I’m Archie Bell of the Drells
From Houston, Texas
We don’t only sing but we dance
Just as good as we walk
In Houston we just started a new dance
Called the Tighten Up
This is the music
We tighten up with …
So begins the mammoth 1968 hit “Tighten Up” by Archie Bell & the Drells. Bell put the group together in Houston in 1966. Joining him were his friends James Wise, Willie Parnell, and Billy Butler. A year later they signed to a local Houston label called Ovide, and began their recording career.
Not long after that, Bell was drafted, and sent to Vietnam. It was while he was on leave in October of ’67 that the group recorded the track that would make them immortal, at Jones Town Studio in Houston. Their backing group that day was the T.S.U. Tornadoes. The song was written by Bell and Butler, but at first it was the record’s flip side, “Dog Eat Dog,” that was slated for a promotional push. Soon cooler heads prevailed and the record was flipped over.
“Tighten Up” became a huge hit in Houston, and it April of 1968 it caught the ear of executives at Atlantic Records in New York, who picked it up for distribution. That spring the record reached #1 on both the R&B and Pop charts, and eventually sold three million copies.
Unfortunately, Bell wasn’t around to enjoy his success because he was still in the Army, and stationed in Germany while it was all going down. Since the group was suddenly in demand for concert appearances, James Wise took over the lead vocal slot, and Charles Gibbs was brought in for background vocals.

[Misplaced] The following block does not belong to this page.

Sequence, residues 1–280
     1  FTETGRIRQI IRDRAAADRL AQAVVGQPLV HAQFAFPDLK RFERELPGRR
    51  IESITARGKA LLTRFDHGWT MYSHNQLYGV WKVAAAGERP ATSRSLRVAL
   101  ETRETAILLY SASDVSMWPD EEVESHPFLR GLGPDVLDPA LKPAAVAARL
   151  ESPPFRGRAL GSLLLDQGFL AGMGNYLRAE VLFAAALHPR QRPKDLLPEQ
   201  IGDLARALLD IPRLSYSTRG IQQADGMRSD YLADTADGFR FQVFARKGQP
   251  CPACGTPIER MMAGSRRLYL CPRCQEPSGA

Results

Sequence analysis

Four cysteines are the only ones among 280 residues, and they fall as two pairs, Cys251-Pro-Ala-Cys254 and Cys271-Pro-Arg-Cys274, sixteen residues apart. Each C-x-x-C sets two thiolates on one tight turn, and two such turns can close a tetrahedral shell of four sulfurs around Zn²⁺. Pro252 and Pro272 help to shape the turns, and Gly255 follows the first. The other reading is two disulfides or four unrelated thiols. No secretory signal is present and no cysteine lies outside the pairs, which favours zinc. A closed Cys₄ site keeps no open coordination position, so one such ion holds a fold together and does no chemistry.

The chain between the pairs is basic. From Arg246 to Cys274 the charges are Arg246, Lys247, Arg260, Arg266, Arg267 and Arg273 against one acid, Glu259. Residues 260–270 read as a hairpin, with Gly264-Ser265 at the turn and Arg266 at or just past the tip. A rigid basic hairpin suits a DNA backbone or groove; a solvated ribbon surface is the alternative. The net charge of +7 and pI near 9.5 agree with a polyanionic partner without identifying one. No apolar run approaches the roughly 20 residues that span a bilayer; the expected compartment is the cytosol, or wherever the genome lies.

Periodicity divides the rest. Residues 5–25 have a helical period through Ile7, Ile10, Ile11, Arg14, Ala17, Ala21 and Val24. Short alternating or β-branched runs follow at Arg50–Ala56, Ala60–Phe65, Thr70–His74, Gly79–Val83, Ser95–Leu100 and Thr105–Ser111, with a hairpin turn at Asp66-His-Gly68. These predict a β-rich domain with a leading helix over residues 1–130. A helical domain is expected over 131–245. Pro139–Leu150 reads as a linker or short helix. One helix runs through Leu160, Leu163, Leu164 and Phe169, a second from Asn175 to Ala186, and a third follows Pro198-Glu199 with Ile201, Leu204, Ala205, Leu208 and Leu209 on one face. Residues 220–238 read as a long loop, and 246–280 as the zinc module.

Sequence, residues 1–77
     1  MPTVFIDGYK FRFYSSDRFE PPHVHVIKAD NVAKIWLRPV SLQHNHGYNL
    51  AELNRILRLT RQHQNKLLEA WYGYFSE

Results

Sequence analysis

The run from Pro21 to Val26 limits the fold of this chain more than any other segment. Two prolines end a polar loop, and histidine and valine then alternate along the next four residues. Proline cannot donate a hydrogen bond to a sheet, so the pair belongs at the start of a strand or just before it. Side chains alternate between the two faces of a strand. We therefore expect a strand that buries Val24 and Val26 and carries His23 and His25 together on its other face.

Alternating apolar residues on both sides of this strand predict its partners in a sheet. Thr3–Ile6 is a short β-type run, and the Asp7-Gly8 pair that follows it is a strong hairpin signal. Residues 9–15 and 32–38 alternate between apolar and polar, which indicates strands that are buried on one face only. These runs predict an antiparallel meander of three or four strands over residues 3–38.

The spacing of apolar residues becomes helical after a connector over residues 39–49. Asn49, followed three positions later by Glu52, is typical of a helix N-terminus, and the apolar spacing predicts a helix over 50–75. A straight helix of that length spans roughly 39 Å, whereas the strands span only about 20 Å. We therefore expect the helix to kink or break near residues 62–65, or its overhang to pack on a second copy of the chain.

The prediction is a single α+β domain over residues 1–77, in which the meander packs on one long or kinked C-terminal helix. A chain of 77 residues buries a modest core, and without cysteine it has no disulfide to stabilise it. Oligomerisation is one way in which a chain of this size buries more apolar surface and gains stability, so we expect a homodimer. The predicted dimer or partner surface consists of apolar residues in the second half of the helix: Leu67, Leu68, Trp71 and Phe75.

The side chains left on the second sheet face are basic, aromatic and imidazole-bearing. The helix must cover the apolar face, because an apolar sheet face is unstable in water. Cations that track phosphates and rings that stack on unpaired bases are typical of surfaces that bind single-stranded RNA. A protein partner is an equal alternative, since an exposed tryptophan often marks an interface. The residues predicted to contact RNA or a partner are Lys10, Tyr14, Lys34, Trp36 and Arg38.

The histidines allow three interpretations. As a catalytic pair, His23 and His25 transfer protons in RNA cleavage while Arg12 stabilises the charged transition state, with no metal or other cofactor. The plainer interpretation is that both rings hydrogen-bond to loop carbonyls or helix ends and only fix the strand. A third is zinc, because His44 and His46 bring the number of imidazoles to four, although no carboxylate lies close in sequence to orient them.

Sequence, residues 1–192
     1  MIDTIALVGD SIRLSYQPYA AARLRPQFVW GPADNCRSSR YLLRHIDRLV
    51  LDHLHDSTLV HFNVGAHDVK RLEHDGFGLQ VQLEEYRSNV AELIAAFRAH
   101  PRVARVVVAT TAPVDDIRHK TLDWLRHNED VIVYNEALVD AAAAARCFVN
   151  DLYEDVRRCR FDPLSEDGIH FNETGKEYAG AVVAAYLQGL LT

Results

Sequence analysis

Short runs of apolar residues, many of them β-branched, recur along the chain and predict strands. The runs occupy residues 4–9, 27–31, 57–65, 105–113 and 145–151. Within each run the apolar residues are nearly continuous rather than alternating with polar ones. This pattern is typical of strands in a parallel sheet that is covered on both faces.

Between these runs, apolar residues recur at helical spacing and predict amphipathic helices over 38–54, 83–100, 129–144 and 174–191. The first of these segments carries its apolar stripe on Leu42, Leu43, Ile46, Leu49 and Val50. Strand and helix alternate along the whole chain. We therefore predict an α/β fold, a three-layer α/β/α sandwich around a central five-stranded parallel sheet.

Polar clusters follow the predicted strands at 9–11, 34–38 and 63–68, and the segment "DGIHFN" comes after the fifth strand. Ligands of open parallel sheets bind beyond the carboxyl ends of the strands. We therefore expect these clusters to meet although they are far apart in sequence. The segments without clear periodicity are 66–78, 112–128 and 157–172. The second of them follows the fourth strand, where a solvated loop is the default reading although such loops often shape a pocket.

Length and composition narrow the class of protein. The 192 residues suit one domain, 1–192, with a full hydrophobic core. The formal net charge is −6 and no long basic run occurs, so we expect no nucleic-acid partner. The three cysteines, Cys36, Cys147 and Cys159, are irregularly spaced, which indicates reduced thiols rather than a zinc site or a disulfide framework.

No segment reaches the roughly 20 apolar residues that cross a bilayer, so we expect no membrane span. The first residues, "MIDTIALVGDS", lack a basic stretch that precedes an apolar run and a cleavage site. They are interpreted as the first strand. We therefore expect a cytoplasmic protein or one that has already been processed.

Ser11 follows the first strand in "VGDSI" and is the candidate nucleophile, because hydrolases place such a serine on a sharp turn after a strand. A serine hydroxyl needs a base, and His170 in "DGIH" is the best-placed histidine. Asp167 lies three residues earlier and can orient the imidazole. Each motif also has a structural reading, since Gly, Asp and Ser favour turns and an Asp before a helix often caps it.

The Army did allow Bell to come home now and then for appearances, and it was while he and the Drells were performing in NJ that they were approached by Kenny Gamble and Leon Huff. Their collaboration produced a number of hits including “I Can’t Stop Dancing,” “Love Will Rain On You,” and “(There’s Gonna Be A) Showdown.” Their last hit for Atlantic was a cover of Sam & Dave’s “Wrap It Up.”
Archie Bell & the Drells moved on to the Glades label, where they had a hit with “Dancing To Your Music.” Then it was on to the TSOP, a subsidiary of Philadelphia International, where they had hits like “I Could Dance All Night,” “The Soul City Walk,” and “Let’s Groove.” The disco era provided fodder for more hits including “Everybody Have A Good Time” in 1977.
In 1981, Bell began recording as a solo artist, but his one solo album met with only moderate success. He continued to perform with the Drells for the next 20 years.
Archie Bell & the Drells are primarily known for “Tighten Up,” an extraordinarily influential record in light of the funk and disco eras that followed. There is more to them than that one hit however, and their catalog is well worth a reappraisal, or an introduction if you’re not familiar with it.
By the way, according to Fred Bronson in the Billboard Book of Number One Hits, there is a story behind the introduction to “Tighten Up.” Apparently after John F. Kennedy was assassinated, Bell heard someone say that nothing good ever came out of Texas. His introduction then was his was of saying that Archie Bell & the Drells came out of Texas, and they were good.